Columbia County destinations

hawthorne

Columbia County hosts many classic historic homes, but also a growing number of organic farms, including Hawthorne Valley, outside of Philmont, which is home to a Rudolph Steiner school and popular store and cafe. (Photo courtesy Hawthorne Valley Farm)

Blessed with stunning scenery, drenched in history, and providing shopping opportunities from antiques to handicrafts, Columbia County has a lot to offer visitors. Besides the obvious points of interest (Olana, Clermont, Lindenwald, Hudson’s Warren Street), lesser-known attractions are also worth your time.

David Colby, the outgoing head of the Columbia County Chamber of Commerce, offered his insights. This is no means a definitive list, merely a dive into some of what Columbia County has to offer.

Let’s start with the above-mentioned historical heavy-hitters. Olana, the majestic Greenport home of the Hudson River School painter Frederic Church (1826-1900), is a state historical site showcasing the artist’s Middle Eastern-inspired home and the designed landscape Church carved out of a rugged hilltop as part of his grand artistic vision. The house tour shows off several of his landscape paintings adorning the walls. His studio gives a glimpse into the atmosphere in which this famous painter worked. Tons of trails offer gorgeous views of the Hudson River and Catskill Mountains.

Clermont, the home of the Livingston family, is a state historical site in the southern end of the county that shouldn’t be missed. Robert R. Livingston (1746-1813), the home’s most famous resident, was on the committee that helped draft the Declaration of Independence. He administered the oath of office to George Washington, and helped make steamboats viable through his work with Robert Fulton. Like Olana, Clermont offers trails through which to explore woods and riverfront.

Lindenwald, the home of eighth U.S. president Martin Van Buren (1782-1862), is a national historic site located near Kinderhook, in the county’s northern end. The 36-room mansion and grounds give visitors a taste of the early 19th century.

Hudson has consistently been included in a number of magazine lists of the coolest small towns in America (even though technically, it’s a small city), thanks in part to the well-preserved buildings from a variety of periods. Walking down the city’s main drag, Warren Street, is like flipping through a living architectural encyclopedia. There’s the bonus of shopping for antiques and art, and the lure of a variety of eateries that offer farm-to-table fare, including Grazin’ Diner, the first animal-welfare-certified restaurant in the world (read: the cow that went into your burger had a good, healthy life.)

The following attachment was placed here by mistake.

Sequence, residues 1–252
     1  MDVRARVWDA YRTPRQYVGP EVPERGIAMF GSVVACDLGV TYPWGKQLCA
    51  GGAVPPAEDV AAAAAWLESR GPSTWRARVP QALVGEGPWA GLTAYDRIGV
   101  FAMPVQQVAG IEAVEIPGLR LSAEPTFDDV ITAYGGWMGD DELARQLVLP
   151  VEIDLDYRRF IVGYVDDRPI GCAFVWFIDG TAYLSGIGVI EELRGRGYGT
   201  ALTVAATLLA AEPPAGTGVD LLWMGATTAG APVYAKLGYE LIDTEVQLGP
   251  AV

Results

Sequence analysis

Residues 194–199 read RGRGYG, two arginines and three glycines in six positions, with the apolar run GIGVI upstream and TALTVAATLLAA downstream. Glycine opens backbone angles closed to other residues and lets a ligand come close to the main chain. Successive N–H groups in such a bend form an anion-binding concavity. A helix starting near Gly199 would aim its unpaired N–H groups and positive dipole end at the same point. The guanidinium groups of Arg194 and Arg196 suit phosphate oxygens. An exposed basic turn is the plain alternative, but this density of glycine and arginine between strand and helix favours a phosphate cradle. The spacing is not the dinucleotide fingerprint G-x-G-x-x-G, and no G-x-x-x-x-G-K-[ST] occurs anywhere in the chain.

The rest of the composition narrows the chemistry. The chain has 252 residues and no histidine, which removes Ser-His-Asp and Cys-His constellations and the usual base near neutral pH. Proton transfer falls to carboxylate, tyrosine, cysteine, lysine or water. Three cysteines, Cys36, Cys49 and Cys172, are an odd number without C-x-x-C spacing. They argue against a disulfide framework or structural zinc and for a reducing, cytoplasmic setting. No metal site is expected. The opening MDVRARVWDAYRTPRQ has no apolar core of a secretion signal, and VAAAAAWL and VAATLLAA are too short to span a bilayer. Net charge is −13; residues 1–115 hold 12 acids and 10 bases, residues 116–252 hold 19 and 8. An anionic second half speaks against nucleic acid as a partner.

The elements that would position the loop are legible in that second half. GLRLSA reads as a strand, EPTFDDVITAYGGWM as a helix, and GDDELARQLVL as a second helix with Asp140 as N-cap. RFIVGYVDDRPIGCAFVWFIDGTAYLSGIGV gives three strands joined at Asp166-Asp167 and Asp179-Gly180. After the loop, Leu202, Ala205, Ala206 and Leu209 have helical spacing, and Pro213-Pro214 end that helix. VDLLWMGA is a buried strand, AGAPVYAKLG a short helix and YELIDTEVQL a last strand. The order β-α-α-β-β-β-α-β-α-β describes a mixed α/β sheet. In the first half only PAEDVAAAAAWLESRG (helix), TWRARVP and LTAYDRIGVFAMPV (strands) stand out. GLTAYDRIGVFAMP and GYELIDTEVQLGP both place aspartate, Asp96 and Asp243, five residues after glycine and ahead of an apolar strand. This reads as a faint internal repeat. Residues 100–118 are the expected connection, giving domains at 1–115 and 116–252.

“A lot of people are coming to the county from places that don’t have cool, intact downtowns. We have Hudson, Chatham, Germantown and Valatie,” said Colby. “They all have great little downtowns that are historic, picturesque, and have a lot of shopping opportunities.”

Many Columbia County towns indeed have downtowns that Disney’s Main Street USA only wished it could compete with, unlike numberless communities across the country where 1960s “urban revitalization” meant bulldozing any building over 20 years old. In some cases the same can be said for many historic structures. Not so in Columbia County.

“What draws lots and lots of people here are the historical sites: Clermont, Olana and the Martin Van Buren home. They each have their own very unique story,” says Colby. “There are other things that are off the beaten path. We find people really enjoy the Fireman’s Museum. It’s just fantastic. I think it’s one of the gems of Columbia County.”

The Firemen’s Association of the State of New York’s Museum of Firefighting, located in Hudson, has an amazing collection of antique equipment — including beautiful fire engines — photographs and fine art related to the fire service. Colby calls it a “very cool, unique spot” and was surprised to learn that it averages just 8000 visitors a year, considering what a great , kid-friendly museum it is.

Another sometimes overlooked historic site is Steepletop, the Austerlitz home of the poet Edna St. Vincent Millay (1892-1950), where you can peek into the life of this famous writer (the house still looks pretty much how she left it when she died) and tour the gardens that helped inspire her work.

Colby also highlighted some of the many scenic spots across the county, from the Hudson Waterfront Park, where you can have a leisurely picnic and watch boats float down the river, to Bash Bish Falls, a state park straddling New York and Massachusetts, with its scenic beauty and breathtaking views, to the Greenport Conservation Area, a great place to enjoy nature without a lot of strenuous hiking.

“There are a lot of those opportunities throughout the county,” said Colby. “I’m seeing more and more people coming to do that. It’s kind of unique because you can do the downtown thing but can also connect with nature. You can see an amazing show at Club Helsinki in Hudson and are still only five minutes away from beautiful and scenic nature spots.”

Ann Cooper, tourism administrator for Columbia County, directed me to the county’s tourism website. There’s also a free app that you can download to your smartphone from iTunes or Google Play that provides information on what to see and do, accommodations, restaurants, and a calendar of events.

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